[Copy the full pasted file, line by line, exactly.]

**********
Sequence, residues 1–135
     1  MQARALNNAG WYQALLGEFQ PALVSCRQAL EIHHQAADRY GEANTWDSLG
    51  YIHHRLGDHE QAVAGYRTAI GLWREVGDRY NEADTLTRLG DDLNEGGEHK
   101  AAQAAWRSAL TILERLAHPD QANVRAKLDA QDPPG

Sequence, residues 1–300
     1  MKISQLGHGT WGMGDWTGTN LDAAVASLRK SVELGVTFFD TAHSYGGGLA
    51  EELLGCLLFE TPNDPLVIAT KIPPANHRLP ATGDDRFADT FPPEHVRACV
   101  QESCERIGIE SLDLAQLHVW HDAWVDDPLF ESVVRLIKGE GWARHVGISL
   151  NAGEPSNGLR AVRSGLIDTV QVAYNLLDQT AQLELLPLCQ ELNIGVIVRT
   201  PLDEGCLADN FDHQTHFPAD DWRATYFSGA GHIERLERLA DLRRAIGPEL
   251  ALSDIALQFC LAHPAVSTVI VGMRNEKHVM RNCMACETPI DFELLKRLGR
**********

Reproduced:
Sequence, residues 1–135
     1  MQARALNNAG WYQALLGEFQ PALVSCRQAL EIHHQAADRY GEANTWDSLG
    51  YIHHRLGDHE QAVAGYRTAI GLWREVGDRY NEADTLTRLG DDLNEGGEHK
   101  AAQAAWRSAL TILERLAHPD QANVRAKLDA QDPPG

Sequence, residues 1–300
     1  MKISQLGHGT WGMGDWTGTN LDAAVASLRK SVELGVTFFD TAHSYGGGLA
    51  EELLGCLLFE TPNDPLVIAT KIPPANHRLP ATGDDRFADT FPPEHVRACV
   101  QESCERIGIE SLDLAQLHVW HDAWVDDPLF ESVVRLIKGE GWARHVGISL
   151  NAGEPSNGLR AVRSGLIDTV QVAYNLLDQT AQLELLPLCQ ELNIGVIVRT
   201  PLDEGCLADN FDHQTHFPAD DWRATYFSGA GHIERLERLA DLRRAIGPEL
   251  ALSDIALQFC LAHPAVSTVI VGMRNEKHVM RNCMACETPI DFELLKRLGR